Mbanza Ngungu Caves Congo

Exploring Mbanza Ngungu Caves

Mbanza Ngungu caves are also called Thysville caves and they are situated at proximity of Mbanza Ngungu approximately 150 kilometers from Kinshasa. The caves cover an area of about 750 square kilometers and you will be amazed by its extensive size. They are famous for its threatened blind fish (Caecobarbus geertsii). These a few unique creatures that thrive within the caves and they aren’t found anywhere on planet.

About 3 (three) caves exist in DR Congo, Lukatu (ex Randour). The nearest cave to Mbanza Ngungu at approximately two (2) kilometers off Kinshasa and interestingly visitors can even take a walk from town to the caves but you will need better walking shoes, as the road and caves can be slippery and muddy. Mbanza Ngungu caves are 10 kilometers long and the blind fish can be spotted though it is challenging. Visiting the caves during the wet season is a bit challenging.

Dimba ou Finzolua Ndombolozi (ex Tordeur), this is the largest cave and it is the frequently visited cave. It is located five kilometers off Mbanza Ngungu. Visitors can also take a walk up to the caves. The cave features a large tunnel that was explored by a Belgian colonel called Tordeur in 1915. Tourists always descend about one kilometer into the cave though you can go even beyond. The cave features stalactites and stalagmites. The cave is popular for bat guano that most people harvest and use as a fertilizer. The site features most bats and in the Ngovo cave and this cave is also challenging for tourists to pay a visit. Ngovo is located 13 kilometers off Mbanza Ngungu. Its mouth comes in a shape of Jurassic park or Indiana Jones with vines and water falling down the cliff face. There are also old stone and mental stairs that take visitors up to the caves and at different points in the cave where it is a bit rugged. The tunnels are extensive and they look like a subway tunnel. After a 500 meter walk, visitors also have a chance to visit the underground waterfall and pools where the blindfish thrives.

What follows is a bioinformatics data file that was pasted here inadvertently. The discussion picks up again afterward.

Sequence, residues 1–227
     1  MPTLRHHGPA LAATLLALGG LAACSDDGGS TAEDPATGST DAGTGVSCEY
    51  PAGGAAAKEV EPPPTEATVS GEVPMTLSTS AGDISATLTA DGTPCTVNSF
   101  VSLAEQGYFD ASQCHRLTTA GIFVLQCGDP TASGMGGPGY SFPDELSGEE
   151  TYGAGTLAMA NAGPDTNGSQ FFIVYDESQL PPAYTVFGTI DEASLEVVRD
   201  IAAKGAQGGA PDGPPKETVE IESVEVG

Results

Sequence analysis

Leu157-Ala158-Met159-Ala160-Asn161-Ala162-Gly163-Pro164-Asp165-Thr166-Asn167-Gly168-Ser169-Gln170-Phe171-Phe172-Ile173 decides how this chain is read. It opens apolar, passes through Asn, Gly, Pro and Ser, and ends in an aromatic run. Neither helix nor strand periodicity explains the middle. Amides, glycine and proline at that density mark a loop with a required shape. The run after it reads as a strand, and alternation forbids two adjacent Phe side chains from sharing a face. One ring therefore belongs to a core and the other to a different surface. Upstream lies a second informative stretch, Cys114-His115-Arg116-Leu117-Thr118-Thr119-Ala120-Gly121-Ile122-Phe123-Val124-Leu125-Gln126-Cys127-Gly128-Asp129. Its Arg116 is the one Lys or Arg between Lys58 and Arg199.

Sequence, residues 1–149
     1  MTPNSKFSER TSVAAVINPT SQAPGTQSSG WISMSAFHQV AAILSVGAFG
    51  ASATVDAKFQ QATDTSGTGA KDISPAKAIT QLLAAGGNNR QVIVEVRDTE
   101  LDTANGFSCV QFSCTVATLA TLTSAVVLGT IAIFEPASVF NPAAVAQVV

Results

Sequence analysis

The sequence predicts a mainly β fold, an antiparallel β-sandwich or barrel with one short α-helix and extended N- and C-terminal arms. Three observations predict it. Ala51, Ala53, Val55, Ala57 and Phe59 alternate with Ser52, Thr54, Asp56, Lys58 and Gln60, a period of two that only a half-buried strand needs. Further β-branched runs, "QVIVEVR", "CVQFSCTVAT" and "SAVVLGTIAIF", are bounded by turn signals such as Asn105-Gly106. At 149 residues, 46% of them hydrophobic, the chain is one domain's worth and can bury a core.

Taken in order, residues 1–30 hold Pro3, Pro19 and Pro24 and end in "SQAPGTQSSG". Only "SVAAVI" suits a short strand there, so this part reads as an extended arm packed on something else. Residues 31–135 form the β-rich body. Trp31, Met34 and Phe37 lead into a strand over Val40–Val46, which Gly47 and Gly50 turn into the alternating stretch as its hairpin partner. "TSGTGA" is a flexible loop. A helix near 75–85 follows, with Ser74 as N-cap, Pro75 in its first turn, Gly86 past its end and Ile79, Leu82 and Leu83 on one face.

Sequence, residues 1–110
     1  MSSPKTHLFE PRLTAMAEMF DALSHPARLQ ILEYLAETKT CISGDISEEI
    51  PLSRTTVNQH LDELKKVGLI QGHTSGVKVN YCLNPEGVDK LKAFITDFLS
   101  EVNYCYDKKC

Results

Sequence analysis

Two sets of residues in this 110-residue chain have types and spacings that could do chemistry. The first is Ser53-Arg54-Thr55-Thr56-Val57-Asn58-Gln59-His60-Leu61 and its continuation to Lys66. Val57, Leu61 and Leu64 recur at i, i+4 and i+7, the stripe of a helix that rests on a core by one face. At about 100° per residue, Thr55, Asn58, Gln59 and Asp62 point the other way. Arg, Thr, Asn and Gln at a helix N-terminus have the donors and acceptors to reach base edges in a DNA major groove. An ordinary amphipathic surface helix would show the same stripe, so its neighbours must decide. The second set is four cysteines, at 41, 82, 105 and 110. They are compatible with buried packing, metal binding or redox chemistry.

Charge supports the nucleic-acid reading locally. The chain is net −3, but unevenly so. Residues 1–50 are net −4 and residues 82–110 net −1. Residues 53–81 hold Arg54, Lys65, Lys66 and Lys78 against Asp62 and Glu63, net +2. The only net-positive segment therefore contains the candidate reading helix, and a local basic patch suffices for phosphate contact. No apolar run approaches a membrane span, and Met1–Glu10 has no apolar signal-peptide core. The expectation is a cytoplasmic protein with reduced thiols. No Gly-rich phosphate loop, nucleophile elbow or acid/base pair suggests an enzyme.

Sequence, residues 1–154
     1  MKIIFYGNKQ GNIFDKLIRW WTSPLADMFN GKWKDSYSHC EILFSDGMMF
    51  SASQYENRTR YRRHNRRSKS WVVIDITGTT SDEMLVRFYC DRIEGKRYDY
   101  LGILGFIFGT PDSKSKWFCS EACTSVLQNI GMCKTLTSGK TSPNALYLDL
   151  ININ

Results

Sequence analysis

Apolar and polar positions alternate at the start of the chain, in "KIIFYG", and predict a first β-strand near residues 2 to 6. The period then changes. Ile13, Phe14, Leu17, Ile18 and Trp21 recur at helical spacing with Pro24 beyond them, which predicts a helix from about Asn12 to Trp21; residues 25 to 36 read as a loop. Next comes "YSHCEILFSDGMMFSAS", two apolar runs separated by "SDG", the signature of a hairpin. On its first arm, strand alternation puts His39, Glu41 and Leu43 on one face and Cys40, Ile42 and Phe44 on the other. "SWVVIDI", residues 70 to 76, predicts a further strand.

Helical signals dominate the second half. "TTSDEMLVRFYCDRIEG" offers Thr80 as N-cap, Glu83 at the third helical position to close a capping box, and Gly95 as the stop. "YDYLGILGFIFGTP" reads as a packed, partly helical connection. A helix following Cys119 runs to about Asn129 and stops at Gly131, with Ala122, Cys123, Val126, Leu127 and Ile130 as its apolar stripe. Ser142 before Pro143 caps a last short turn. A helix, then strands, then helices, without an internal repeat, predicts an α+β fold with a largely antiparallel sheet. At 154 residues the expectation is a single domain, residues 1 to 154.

If you are interested in exploring these caves, you will need to come along with better flashlights or headlamps, some changed money, good car rental with air conditioners, English or French tour guide, waterproof boots, clothes  and many others.

The caves are best visited during the dry season as the wet season comes with mud which may make your safari a bit challenging. You can take the Matadi route to Mbanza Ngungu. The tourism office is situated behind the Tribunal de Grand Instance. For travelers who may wish to get to the caves by themselves you can proceed across the Tribunal and take the first paved left hand turn. The first 2 (two) caves are at proximity to the road and for the 3rd one, visitors have to inquire for directions once they reach to the village. You will need to go with a local guide given that the caves are huge, dark and at times confusing. You will spend about three hours while driving from Kinshasa.

A long the way, you will also come across a natural garden known as Kisantu which features unique floral species. There is also River Inkinsi that flows via the garden and forms amazing spectacles. It is situated about 130 kilometers off Kinshasa and was formed by Father De Gullet in 1900. Interestingly, visitors can explore the whole garden and after proceed up to Mbanza Ngungu and descend underground. The caves stand at altitude of about 700 meters above sea level; within the basin of the Lower Congo River of the DR Congo they are overlooking the underground city system of approximately 750 square kilometers and they are fed by River Congo and has numerous spaces filled with water but very small for humans.

In conclusion, Democratic Republic of Congo offers more than just primates and birdlife but also several caves for tourist on safari in Africa to explore and discover. The caves themselves are stunning and feature a number of incredible tourist attractions that will fill you with lifetime experiences. If you are planning to travel to DR Congo this coming vacation, make sure that you include cave exploration in your bucket list.


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